Long-Term Care

By by Lori O. Smetanka

We’ve all seen them – news stories about violence or aggressive behavior in long-term care facilities. Residents “acting out” aggressively against other residents or staff; staff members frustrated by resident behavior they find challenging or disruptive respond aggressively to residents.

Why should you care? Statistics show that more than 70% of individuals over age 65 living in the U.S. will need long-term services and supports at some point in their lives. An increasing number struggle with dementia, about 50% of nursing home residents, and a growing number of assisted living and community care recipients. This could affect someone you know or yourself one day.

How do we ensure quality care for a rapidly aging population, promote individual rights, and at the same time, protect residents from abuse or neglect when they are most vulnerable?

• Set the basis for quality –

◦ Implement good care practices incorporating person-centered care – how can each resident’s individual needs be identified and met? Those challenging or aggressive behaviors we hear about are often the resident’s attempt to communicate an unmet need or a level of frustration. Person-centered care practices help get at the root of an area of concern, and can be used to develop strategies for meeting the need

◦ Have sufficient numbers of caregivers who are adequately screened (i.e., background checks), well-trained, and available on site to provide care. When there are not enough staff to provide the necessary care, or when they are not adequately trained on how to handle issues that may arise when working with a specific population, (i.e. residents with dementia) the frustration levels of residents, families, and staff often rise to untenable levels

• Support good practice with strong laws and regulations that set the standard for quality. Those standards need to be consistently implemented by providers and enforced by state licensing and certification agencies

• Educate residents, families, facility staff, and the public about quality care practices, residents’ rights, person centered care, and abuse prevention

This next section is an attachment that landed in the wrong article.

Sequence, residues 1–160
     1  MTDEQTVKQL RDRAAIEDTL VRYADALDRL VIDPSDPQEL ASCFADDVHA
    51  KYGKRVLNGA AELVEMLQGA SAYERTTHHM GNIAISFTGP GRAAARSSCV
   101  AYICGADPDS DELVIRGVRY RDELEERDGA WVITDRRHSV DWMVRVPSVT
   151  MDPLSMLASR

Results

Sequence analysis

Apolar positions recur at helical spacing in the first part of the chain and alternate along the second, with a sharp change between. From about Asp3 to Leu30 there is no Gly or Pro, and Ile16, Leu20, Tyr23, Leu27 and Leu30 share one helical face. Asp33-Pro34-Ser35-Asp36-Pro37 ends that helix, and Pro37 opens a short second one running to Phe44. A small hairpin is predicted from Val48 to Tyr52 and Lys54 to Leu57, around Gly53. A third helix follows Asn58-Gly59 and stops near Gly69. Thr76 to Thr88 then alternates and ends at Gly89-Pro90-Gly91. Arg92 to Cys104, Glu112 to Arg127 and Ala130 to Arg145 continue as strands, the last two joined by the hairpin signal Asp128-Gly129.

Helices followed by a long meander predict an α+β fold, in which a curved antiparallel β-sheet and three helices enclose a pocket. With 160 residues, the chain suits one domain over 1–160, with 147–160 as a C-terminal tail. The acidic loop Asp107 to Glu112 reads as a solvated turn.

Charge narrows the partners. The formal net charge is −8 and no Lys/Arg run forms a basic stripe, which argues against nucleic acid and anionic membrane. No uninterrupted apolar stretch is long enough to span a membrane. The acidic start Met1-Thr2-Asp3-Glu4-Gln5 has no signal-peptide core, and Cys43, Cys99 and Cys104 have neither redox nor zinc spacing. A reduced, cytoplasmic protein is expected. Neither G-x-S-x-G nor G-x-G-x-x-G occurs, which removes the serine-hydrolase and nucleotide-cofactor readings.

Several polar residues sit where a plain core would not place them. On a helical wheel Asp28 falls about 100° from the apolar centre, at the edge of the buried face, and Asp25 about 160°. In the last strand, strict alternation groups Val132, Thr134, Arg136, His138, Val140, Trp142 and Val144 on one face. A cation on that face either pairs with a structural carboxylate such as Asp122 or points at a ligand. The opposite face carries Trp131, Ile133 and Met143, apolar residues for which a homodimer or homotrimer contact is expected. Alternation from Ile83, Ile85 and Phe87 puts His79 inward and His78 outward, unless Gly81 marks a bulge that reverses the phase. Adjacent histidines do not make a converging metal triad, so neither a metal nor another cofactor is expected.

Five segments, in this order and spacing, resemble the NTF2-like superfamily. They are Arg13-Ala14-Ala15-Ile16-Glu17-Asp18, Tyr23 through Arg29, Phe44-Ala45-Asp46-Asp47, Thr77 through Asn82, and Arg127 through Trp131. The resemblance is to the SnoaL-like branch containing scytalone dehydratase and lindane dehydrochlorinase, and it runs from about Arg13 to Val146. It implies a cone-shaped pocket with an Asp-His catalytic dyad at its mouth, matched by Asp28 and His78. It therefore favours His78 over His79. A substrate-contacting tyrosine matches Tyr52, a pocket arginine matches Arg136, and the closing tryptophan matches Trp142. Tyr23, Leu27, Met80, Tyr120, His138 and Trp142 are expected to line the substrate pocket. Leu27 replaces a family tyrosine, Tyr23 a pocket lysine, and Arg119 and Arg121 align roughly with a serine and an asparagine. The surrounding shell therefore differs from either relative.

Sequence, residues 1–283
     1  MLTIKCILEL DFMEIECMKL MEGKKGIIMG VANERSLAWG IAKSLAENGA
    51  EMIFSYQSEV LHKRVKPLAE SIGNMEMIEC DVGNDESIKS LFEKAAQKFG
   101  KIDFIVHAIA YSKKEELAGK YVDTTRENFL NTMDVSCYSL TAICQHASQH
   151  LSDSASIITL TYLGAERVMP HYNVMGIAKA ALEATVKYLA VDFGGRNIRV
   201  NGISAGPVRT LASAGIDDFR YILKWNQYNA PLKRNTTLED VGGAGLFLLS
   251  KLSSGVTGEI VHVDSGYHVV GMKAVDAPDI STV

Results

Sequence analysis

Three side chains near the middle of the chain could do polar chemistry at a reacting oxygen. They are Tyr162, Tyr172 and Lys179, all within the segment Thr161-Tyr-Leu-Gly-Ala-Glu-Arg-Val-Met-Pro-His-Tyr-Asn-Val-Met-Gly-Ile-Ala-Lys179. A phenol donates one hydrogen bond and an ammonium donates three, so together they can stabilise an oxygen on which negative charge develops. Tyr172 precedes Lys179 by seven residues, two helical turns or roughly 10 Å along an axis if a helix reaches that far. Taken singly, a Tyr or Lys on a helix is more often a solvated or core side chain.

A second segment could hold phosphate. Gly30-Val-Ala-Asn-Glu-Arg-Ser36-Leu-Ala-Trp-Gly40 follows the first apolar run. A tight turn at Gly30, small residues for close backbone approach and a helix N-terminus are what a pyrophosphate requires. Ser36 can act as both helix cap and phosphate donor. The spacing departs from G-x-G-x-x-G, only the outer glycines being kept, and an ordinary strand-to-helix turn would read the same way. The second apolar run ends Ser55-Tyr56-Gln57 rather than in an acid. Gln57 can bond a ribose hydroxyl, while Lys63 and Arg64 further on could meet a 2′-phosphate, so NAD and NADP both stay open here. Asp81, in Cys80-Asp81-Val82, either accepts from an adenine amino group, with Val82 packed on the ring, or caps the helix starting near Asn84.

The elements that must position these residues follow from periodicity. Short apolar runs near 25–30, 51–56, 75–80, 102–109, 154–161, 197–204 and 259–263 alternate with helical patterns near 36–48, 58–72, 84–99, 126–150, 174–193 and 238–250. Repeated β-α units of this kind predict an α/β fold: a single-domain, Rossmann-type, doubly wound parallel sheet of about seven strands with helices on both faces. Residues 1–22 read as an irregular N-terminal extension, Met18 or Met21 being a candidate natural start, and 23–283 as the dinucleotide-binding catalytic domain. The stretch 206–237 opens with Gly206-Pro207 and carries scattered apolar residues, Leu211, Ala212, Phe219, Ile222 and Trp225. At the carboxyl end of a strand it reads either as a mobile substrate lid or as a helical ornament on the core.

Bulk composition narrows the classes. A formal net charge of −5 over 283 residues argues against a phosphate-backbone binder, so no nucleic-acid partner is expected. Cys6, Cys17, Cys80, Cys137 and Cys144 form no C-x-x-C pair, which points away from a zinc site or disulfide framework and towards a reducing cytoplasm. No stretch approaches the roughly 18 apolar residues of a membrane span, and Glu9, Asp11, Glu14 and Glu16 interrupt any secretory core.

• Know where to go for help –

◦ Long-term care ombudsmen are available across the country to support residents and families with concerns about care or rights violations in long-term care facilities.

◦ State licensing and certification agencies conduct inspections of long-term care facilities to assure they are meeting standards, and investigate complaints around violations of federal or state rules, including abuse and neglect.

◦ Adult Protective Services investigates abuse and neglect in community based settings, and also in long-term care facilities in a number of states.

Go to www.ltcombudsman.org for available resources and contact information. We’d like to hear how you are ensuring quality care in your state!

-Lori O. Smetanka, JD

About the Author: Lori Smetanka became the Director of the National Long-Term Care Ombudsman Resource Center in June 2004. In her role, she provides support, technical assistance and training for 53 state and more than 600 local long-term care ombudsmen programs. Prior to her current position, Lori was a policy analyst for the Consumer Voice, focusing on survey and enforcement, and providing technical assistance to long-term care ombudsman programs.


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Special Thanks to Judith D. Tamkin

We are sincerely appreciative to Judith D. Tamkin for her gift to help establish the USC Center on Elder Mistreatment’s website. Her deep and personal commitment to eradicating elder abuse is helping to reshape our understanding of elder abuse and ultimately save innumerable older adults from abuse and neglect.